Family: Malvaceae
Genus: Abutilon
Botanical name: Abutilon indicum
Sanskrit: Dhamargava, Svadukoshataki
English: Country mallow, Indian Mallow, Abutilon, Indian abutilon
Hindi: Kabi, Kakahi, Chambi
Malayalam: Oorakam, Velluram
Country mallow is an erect velvety-pubescent shrub with circular-ovate or heart-shaped leaves with coarsely crenate-serrate margins. The plant can reach up to 1-2 m. The leaves are alternately arranged, and have long stalks and have velvety, soft, pale hairs on them. Orange-yellow flowers, 2-3 cm across, occur solitary in axils, on long stalks, 4-7 cm. Orange-yellow petals are triangular-obovate, 1 cm long or slightly more, staminal-tube hairy with stellate hairs. Fruit is quite interesting - it is circular in shape, consisting of 11-20 radiating hairy carpels, brown when dry; each carpel flattened, somewhat boatshaped. Seeds are kidney-shaped. The plant is a weed commonly found on disturbed land.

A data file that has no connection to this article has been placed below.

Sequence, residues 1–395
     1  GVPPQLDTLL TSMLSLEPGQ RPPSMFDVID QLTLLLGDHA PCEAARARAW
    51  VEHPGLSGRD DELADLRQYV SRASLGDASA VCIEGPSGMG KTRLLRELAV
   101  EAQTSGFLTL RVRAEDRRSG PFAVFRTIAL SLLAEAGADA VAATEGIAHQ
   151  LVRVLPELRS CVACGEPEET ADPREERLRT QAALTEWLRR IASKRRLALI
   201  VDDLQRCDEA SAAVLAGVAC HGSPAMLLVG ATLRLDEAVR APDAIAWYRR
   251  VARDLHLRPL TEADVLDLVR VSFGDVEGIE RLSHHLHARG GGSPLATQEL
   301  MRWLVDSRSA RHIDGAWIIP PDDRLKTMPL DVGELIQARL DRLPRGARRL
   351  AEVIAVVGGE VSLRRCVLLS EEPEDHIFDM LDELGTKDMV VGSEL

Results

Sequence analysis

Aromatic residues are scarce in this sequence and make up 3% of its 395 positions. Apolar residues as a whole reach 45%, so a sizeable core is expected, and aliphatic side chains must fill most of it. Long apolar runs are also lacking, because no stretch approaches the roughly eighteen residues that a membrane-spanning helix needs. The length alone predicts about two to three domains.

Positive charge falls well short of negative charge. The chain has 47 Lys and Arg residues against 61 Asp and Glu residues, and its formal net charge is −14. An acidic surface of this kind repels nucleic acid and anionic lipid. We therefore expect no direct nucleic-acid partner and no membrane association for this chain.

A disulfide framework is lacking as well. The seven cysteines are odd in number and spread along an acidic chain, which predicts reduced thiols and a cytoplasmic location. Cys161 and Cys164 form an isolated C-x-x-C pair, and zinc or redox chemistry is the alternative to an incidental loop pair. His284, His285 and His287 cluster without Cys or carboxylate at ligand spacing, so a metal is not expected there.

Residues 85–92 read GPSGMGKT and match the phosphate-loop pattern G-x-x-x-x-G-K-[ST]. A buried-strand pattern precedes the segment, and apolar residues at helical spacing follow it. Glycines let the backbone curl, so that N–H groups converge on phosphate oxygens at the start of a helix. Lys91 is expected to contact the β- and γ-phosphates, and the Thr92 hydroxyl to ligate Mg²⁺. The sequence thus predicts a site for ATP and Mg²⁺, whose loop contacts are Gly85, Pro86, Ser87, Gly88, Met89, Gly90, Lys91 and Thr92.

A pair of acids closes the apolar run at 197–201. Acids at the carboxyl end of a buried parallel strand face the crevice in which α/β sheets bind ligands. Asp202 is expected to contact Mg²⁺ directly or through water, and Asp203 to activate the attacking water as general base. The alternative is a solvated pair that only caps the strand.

In traditional medicine, Country mallow various parts of the plant are used as a demulcent, aphrodisiac, laxative, diuretic, sedative, astringent, expectorant, tonic, anti-inflammatory, anthelmintic, and analgesic and to treat leprosy, ulcers, headaches, gonorrhea, and bladder infection. The whole plant is uprooted, dried and is powdered. In ancient days, maidens were made to consume a spoonful of this powder with a spoonful of honey, once in a day, for 6 months until the day of marriage, for safe and quick pregnancy.
The plant is very much used in Siddha medicines. The root, bark, flowers, leaves and seeds are all used for medicinal purposes by Tamils. The leaves are used as adjunct to medicines used for pile complaints. The flowers are used to increase semen in men.
Abutilon indicum
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